There have been calls to amend the diversity jurisdiction statute to treat LLCs like corporations. One of the chief concerns in support of this proposal has been the lack of transparency concerning beneficial ownership of the LLC (that is, the individuals or entities who ultimately own or control the LLC), which presents significant hurdles for outsiders to determine the citizenship of the LLC members.  Opponents of LLCs who wish to file in federal court may encounter layers of ownership that are not a matter of public record, which makes it difficult, if not impossible, to unveil its members.

Concern about this lack of ownership transparency is beginning to gain traction in federal and state legislation, mostly because anonymity is a useful aid in money laundering.  At the federal level, the Corporate Transparency Act, which went into effect on January 1 of this year, requires entities (including LLCs), with only certain limited exceptions, to self-report their beneficial owners to the U.S. Treasury Department’s Financial Crimes Enforcement Network (“FinCen”).  The beneficial ownership information, however, will not be made available in a public database.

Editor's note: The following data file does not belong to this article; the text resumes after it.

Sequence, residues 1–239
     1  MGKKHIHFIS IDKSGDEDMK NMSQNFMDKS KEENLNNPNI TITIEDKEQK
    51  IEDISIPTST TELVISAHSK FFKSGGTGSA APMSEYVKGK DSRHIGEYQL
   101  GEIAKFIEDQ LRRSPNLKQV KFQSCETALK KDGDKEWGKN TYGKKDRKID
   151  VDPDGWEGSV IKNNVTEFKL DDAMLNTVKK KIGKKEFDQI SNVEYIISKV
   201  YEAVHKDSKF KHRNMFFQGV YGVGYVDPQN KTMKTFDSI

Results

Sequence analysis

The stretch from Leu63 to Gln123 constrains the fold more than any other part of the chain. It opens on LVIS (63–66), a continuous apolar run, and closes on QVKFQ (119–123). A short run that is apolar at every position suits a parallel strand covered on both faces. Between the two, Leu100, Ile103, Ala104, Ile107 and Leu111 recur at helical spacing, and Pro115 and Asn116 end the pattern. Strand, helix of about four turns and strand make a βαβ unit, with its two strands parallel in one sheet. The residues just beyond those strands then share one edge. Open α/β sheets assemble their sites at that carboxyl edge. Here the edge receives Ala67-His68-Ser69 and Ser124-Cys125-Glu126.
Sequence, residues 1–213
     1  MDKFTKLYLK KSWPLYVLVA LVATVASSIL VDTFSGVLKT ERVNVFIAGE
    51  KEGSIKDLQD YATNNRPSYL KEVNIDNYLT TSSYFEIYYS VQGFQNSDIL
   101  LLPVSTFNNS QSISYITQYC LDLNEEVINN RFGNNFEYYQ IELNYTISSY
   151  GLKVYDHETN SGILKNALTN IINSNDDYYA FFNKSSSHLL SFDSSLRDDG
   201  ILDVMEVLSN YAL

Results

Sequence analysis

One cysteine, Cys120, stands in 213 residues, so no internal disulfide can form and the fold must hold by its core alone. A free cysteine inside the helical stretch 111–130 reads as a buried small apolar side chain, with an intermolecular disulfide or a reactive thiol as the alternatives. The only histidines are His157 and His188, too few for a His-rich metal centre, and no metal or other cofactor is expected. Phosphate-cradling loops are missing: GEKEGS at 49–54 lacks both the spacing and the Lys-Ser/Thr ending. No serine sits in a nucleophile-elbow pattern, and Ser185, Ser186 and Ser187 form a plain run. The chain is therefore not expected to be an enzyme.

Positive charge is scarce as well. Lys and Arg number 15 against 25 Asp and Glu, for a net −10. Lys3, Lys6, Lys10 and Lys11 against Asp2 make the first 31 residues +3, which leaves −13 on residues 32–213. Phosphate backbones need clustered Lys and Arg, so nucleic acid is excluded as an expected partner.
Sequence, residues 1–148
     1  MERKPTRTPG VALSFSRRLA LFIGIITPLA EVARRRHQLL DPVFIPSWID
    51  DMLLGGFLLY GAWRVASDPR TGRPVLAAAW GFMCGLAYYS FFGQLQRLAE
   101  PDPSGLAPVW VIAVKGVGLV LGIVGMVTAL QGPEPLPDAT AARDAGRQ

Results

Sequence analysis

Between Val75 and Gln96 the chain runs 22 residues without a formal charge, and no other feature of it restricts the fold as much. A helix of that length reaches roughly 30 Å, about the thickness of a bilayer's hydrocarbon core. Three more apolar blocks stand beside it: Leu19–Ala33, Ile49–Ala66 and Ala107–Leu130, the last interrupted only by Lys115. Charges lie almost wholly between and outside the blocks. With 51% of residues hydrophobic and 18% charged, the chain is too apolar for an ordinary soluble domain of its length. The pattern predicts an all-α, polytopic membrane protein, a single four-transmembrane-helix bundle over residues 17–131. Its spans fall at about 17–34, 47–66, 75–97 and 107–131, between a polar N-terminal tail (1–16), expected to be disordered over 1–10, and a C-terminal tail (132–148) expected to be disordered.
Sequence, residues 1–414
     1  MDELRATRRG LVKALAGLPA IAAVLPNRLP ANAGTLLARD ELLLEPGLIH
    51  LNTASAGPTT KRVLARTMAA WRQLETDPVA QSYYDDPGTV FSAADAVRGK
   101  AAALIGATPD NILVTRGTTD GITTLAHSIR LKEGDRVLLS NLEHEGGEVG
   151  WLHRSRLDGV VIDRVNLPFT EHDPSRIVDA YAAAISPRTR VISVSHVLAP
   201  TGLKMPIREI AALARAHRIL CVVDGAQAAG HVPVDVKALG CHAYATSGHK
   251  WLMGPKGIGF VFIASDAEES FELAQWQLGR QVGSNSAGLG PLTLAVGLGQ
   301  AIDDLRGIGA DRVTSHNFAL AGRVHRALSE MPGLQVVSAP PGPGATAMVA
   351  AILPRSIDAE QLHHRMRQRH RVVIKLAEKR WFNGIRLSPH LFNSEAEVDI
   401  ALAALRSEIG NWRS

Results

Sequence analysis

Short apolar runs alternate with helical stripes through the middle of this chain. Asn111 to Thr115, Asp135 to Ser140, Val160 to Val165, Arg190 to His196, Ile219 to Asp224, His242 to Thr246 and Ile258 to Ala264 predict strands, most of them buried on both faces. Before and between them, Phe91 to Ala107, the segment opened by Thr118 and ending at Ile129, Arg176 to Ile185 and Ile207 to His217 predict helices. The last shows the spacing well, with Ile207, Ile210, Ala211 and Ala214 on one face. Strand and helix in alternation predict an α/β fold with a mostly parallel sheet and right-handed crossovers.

On the state level, there have been similar attempts to address transparency in ownership.   Bills are pending in a number of states.  In New York, the LLC Act was just signed into law, and it largely tracks the federal Corporate Transparency Act.  In addition to money laundering, stated concerns were that the veil of anonymity made it difficult for a tenant to figure out who was their living, breathing human landlord, and for an employee to figure out who was their living, breathing human employer.  Given these concerns, in the original version of the LLC Act, which had passed the New York State Assembly and Senate, there was a requirement that beneficial ownership information be made publicly available through a database.  However, citing privacy concerns, the Governor signed the bill into law only after cutting from it the creation of a public database.  Beneficial ownership will be self-reported in New York, but that information will be made available only to law enforcement.